They investigate why conflict occurs in themselves, homes, schools, communities and globally.

Peace advocates create community service projects, organise conferences and facilitate those who follow. They create a sustainable programme for young people, which is led by young people.

During the first five years of its existence, the project offered face-to -face, skills-based training through a collaboration with the Rotary International Peace Fellows, Rotarians, plus school groups at home and abroad, who travelled to Mexico, Australia, Germany and the US.

‘Peace Advocate’ status is achieved through interactive training sessions, as well as providing skills and strategies to empower young people to take control of their lives.

Rotary in Great Britain & Ireland celebrated the difference which this project makes to young peoples’ lives when they awarded the first Young Citizen Peacemaker Award to the peace advocates at Coláiste Muire, a post-primary,                       co-educational Catholic school which is based in Cobh, County Cork.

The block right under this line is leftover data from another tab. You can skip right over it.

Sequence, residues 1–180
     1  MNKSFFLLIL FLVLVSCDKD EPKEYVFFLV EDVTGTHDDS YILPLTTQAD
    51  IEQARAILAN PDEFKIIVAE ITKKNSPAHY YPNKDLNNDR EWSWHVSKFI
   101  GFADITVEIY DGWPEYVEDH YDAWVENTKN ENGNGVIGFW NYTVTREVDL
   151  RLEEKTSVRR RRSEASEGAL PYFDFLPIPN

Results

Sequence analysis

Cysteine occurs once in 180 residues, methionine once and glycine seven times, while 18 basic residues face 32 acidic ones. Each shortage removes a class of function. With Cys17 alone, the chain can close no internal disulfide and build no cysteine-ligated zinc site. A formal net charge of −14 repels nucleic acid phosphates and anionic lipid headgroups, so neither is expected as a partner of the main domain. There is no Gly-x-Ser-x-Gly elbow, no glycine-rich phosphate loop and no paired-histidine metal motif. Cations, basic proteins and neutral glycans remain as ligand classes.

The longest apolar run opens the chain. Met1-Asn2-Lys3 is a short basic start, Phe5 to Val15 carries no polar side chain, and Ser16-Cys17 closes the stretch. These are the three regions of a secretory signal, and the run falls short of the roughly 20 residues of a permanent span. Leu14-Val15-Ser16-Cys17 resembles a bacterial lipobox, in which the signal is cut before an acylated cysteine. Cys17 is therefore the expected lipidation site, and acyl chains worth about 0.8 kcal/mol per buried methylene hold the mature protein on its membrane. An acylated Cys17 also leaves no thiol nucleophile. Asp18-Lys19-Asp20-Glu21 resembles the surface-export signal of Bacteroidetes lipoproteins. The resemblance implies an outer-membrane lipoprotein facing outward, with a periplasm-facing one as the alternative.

There, they are supported by Mallow Rotary and became the first school to be awarded the International Blue Peace School Flag.

Up until March this year, Rotary GB&I clubs and districts were supporting 30 schools in the project. This all changed with COVID-19, or so we thought.

The face-to-face training had halted, but peace advocates at the Douglas Ewart High School in Newton Stewart, Dumfries & Galloway, made us see that the peace advocate skills were so important that we had to look for another way.

The students recognised how their project to create an interactive peace garden had to be put on hold.